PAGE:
WVUA Video of University of Alabama Students At Bama Belle Crossed Way Over Ethical Line

A WVUA YouTube Video showing distraught, emotional University of Alabama students after Charles Edward Jones fell overboard Thursday from The Bama Belle violated the Society of Professional Journalists Ethics code, which requires journalists to minimize harm.

This is a still image taken from the questionable WVUA video that showed the crying students as they exited the Bama Belle, shortly after Charles Edward Jones, III apparently fell overboard.

A WVUA-TV video clip posted on YouTube showing emotional University of Alabama students as they left The Bama Belle Thursday night after one of their own fell overboard went far beyond reporting the news and has sparked outrage among those on social media.

The body of Charles Edward Jones,III known by friends as “Tre,” was found Friday afternoon following hours of searching Tuscaloosa’s Black Warrior River.

Jones, an engineering major from Demopolis, Ala.  had been attending a Delta Sigma Theta party Thursday on board The Bama Belle, a riverboat along The Black Warrior River that’s become one of the city’s most popular tourist attractions since it started offering public cruises in 2001.

While the investigation into Jones’ tragic death continues and family and friends prepare to remember him at an April 11th memorial service,  we must call attention to a journalism mis-step that makes all of those covering this story look bad.

The questionable video

The 1:18 edited video depicts crying students as they exited the riverboat while another overcome with emotion collapses on the ground.

Another student is heard yelling “Where is he?   If I call his mama back, one of y’all better have the answer.”

Another student in the crowd quickly holds up a sheet to shield the student from the camera that was rolling.

At the time the video was taken, search crews had not been able to find Jones and later that night suspended their search due to the dark conditions.

While emotion is certainly an element of the news that we try to capture, when that emotion comes at the expense of someone else’s grief, harm CAN be done.

The Society of Professional Journalists Ethics Code requires that journalists MINIMIZE HARM.

It specifically requires journalists to “be sensitive” when covering “those affected by tragedy or grief.”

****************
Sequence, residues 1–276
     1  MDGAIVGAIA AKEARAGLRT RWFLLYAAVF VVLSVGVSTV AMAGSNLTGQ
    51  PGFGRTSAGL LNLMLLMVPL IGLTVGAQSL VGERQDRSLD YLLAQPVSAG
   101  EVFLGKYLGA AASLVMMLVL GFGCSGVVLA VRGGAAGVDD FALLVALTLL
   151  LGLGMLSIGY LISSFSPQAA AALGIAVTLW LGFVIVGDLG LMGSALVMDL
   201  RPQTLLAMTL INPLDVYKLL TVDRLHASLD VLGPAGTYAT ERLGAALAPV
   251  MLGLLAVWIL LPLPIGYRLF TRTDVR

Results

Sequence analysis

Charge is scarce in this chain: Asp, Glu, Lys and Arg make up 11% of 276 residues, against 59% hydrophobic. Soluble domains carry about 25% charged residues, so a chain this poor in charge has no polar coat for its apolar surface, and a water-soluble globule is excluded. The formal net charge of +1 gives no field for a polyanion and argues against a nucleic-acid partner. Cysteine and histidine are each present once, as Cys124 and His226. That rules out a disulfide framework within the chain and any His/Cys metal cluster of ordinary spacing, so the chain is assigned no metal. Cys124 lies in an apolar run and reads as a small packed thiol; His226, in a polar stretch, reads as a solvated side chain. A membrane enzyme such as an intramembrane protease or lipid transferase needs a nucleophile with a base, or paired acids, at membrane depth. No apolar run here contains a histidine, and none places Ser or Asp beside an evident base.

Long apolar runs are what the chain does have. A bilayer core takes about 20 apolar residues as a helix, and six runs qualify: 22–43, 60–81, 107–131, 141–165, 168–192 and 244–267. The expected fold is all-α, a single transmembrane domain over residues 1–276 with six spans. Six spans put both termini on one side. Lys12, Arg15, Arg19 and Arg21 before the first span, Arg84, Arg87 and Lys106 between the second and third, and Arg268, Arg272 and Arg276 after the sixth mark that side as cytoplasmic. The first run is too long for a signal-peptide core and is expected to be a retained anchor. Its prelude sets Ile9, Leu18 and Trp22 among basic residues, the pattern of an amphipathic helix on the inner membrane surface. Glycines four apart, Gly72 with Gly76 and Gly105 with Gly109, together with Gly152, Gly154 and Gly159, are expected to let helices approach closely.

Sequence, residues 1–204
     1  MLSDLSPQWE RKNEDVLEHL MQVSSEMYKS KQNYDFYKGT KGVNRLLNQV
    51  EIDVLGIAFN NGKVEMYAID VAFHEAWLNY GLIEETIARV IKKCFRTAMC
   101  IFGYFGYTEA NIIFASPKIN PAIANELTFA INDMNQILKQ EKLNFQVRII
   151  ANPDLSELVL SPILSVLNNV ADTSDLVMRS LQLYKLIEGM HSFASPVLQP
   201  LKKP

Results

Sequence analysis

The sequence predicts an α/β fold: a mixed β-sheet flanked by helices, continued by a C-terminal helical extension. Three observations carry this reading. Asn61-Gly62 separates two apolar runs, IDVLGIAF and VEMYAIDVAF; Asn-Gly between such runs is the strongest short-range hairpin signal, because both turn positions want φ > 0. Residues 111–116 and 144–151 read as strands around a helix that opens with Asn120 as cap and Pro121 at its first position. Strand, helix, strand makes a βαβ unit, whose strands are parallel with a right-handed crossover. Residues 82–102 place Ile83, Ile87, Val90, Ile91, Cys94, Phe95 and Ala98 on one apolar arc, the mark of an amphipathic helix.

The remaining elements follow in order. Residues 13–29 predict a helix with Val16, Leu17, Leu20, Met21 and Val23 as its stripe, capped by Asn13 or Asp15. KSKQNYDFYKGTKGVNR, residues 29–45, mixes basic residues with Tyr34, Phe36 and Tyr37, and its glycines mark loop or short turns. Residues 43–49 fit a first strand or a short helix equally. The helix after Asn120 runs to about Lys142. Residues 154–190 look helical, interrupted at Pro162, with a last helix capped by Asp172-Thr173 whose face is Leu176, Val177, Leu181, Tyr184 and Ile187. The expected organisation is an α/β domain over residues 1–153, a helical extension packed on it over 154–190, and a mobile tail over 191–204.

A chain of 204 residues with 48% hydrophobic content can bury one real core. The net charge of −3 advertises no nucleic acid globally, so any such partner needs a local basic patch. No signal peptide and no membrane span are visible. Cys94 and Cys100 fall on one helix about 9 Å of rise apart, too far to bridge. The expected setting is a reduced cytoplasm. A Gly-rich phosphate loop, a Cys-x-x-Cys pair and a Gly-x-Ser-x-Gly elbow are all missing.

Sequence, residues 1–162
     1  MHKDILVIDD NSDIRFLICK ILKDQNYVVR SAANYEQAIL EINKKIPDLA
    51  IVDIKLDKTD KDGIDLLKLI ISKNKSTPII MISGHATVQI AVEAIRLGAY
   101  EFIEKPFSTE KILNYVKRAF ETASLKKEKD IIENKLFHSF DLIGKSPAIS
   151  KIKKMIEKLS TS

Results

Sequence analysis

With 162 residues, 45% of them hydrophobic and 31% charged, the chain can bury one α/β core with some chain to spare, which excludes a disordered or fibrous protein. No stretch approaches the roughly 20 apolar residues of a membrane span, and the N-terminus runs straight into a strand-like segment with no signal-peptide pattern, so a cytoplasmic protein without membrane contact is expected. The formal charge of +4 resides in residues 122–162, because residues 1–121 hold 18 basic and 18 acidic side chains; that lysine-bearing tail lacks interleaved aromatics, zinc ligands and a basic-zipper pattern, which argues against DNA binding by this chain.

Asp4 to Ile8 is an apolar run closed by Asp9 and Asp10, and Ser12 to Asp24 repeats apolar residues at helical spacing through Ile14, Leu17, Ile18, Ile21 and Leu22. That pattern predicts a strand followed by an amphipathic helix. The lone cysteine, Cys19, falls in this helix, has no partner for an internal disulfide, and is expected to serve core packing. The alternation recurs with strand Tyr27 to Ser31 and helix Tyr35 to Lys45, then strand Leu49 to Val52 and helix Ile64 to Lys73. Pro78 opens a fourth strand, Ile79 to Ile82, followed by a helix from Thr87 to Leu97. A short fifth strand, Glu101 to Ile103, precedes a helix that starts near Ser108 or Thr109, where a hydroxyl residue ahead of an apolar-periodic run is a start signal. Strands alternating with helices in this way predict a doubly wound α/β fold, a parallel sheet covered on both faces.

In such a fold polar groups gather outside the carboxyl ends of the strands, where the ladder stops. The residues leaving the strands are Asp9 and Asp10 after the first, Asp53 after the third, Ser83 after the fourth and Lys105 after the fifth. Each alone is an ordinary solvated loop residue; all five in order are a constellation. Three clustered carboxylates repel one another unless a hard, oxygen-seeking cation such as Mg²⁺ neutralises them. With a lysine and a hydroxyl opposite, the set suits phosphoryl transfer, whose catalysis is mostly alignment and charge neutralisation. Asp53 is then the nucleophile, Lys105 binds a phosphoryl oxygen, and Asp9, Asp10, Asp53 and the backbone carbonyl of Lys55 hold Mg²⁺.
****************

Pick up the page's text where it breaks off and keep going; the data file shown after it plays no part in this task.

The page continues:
The shooter of this video did not minimize the harm that can come from videotaping someone who is obviously distraught.

Then, to broadcast that for thousands to see amounts to exploitation.

Webster defines “exploit”  as to make use of meanly or unjustly for one’s own advantage.

As one who works with (and has taught) many of the WVUA-TV news employees, I’m absolutely certain that no one at WVUA-TV meant to intentionally harm the students who were shown in this very unflattering manner.

But, as one of the national leaders of  The Society of Professional Journalists, I have to call attention to an ethical violation when I see that it has occurred, even when it’s committed by someone in our house here at the University of Alabama (WVUA-TV  is owned by The University of Alabama)

Why I Won’t Show, Embed or Link to THE VIDEO

If you noticed, I have included only STILL shots of the video in this post because every time we promote the clip for others to see we are exploiting those depicted in the video.

The concept of “going viral”  usually involves an internet message (often on YouTube) that has notoriety and spreads quickly as people talk about it and link to it and then send that link to someone else.

As of Saturday evening, 48 hours after it was posted, the video in question had more than 3, ooo views.    Another version of the video, which included news conference interview clips from Tuscaloosa Police Sgt. Brent Blankley,  had nearly 10,000 views by Saturday evening.